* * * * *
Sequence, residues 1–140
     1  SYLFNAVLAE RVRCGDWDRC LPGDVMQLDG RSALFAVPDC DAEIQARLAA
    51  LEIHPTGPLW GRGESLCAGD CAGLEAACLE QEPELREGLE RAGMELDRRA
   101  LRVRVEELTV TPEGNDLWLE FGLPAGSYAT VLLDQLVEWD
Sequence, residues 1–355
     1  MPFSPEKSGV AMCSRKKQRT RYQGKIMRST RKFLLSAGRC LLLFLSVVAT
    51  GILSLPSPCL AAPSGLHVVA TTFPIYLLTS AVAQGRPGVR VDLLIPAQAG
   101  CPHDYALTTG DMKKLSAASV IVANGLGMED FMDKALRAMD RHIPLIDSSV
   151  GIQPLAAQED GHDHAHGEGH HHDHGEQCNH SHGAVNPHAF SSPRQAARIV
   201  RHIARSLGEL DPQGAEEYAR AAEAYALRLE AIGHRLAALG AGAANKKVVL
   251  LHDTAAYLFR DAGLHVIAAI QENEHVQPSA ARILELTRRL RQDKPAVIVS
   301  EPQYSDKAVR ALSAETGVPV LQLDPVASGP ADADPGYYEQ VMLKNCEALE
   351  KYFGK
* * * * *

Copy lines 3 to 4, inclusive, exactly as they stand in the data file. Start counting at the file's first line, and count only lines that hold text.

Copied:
    51  LEIHPTGPLW GRGESLCAGD CAGLEAACLE QEPELREGLE RAGMELDRRA
   101  LRVRVEELTV TPEGNDLWLE FGLPAGSYAT VLLDQLVEWD